The Indian government will be leaning on the stateowned Life Insurance Corporation of India (LIC), India’s largest insurer, to fund its ambitious road expansion plans and the insurer is set to open its purse strings for highways development, boosting the government’s aim to step up road construction to 40 kms a day.
The road transport and highways ministry hopes to sign an agreement with LIC for the purchase of annual bonds issued by the National Highways Authority of India (NHAI).
In the current financial year, LIC is likely to subscribe NHAI bonds worth at least Rs 10,000 crore, a senior road transport and highways ministry official said and an agreement to the effect is expected to be signed soon. The ministry will use the money raised through LIC for four-laning of highway projects.
Roads transport and highways minister Nitin Gadkari confirmed that his ministry was in talks with LIC to raise funds. LIC did not respond to email query sent by ET. The highways ministry has set a daily road construction target of 40 kms. The finance ministry has allowed NHAI to raise bonds worth Rs 50,000 crore other than Rs 15,000 crore through tax-free bonds. The Nitin Gadkari ministry has been in talks with LIC for raising money for almost six months. It had earlier sought Rs 50,000 crore in various tranches from the stateowned life insurer.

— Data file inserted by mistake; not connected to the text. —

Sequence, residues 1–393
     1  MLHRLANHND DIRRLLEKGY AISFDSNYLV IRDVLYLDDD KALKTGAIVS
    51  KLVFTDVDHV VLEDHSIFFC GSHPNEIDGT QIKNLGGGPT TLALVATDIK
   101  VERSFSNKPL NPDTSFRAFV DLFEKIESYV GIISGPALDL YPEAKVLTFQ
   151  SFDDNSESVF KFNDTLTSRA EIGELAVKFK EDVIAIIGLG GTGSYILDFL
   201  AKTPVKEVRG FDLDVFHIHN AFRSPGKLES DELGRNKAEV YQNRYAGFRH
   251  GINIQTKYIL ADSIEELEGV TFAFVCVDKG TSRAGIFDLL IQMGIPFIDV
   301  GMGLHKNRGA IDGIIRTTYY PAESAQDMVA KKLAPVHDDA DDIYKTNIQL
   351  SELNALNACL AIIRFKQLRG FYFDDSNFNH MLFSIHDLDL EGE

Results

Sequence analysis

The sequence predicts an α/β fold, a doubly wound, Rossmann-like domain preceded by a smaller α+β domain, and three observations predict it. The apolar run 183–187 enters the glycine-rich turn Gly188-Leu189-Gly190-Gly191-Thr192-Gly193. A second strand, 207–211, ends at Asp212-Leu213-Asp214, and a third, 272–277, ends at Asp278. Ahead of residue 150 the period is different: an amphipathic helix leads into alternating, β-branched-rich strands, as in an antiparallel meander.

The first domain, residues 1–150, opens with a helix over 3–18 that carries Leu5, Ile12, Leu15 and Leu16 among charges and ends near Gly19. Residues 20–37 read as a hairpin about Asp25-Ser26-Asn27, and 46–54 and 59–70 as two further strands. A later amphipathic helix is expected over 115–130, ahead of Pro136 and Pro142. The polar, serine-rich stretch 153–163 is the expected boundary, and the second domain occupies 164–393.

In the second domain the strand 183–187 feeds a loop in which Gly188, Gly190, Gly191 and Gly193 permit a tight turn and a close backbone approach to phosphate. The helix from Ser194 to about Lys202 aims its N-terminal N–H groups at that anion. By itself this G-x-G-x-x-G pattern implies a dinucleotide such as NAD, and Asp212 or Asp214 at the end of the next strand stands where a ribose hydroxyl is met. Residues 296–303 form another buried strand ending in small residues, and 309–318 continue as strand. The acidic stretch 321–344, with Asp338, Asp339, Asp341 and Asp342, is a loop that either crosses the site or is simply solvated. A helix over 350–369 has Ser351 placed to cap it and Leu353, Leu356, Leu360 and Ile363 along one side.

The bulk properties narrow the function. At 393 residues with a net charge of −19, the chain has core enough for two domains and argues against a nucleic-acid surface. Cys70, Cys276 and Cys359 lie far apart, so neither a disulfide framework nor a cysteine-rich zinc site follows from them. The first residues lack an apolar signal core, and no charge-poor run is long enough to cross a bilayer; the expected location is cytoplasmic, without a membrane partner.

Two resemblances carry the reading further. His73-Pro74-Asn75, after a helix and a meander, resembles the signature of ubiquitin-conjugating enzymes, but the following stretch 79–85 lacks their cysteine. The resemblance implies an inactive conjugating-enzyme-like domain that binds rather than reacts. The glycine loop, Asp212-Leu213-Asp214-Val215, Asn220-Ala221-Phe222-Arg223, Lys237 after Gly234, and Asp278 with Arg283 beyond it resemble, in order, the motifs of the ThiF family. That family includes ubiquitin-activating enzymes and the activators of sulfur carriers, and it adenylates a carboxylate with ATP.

“We are finalising the contours of the agreement. LIC has assured us that they would subscribe to NHAI bonds,” an official with the ministry said.
In the current financial year, the government plans to undertake the construction of 15,000 kms of national highways that would cost around Rs 1.5 lakh crore, while the ministry has received a budgetary allocation of Rs 57,000 crore.
MASALA BONDS NHAI is also planning to raise at least Rs 7,000 crore through masala bonds. Masala bonds refer to rupee denominated bonds, which are issued overseas.
The money raised would mostly be used for constructing by-passes along the national highways. “We are consulting SBI Caps and plan to come up with an expression of interest soon. We will look at raising the money at the least borrowing cost of around 5%,” the official said.
However, masala bonds are yet to take off months after the Reserve Bank of India (RBI) notified the rules for them. As many as six companies have tried, but eventually declined, to issue these bonds, citing high costs.
“Masala bonds are yet to take off as they are extremely challenging. If the road ministry is successful at raising them, it could pave way for other infrastructure initiatives as well,” said Jaijit Bhattacharya, partner at KPMG. Nick Markakis Authentic JerseyShare This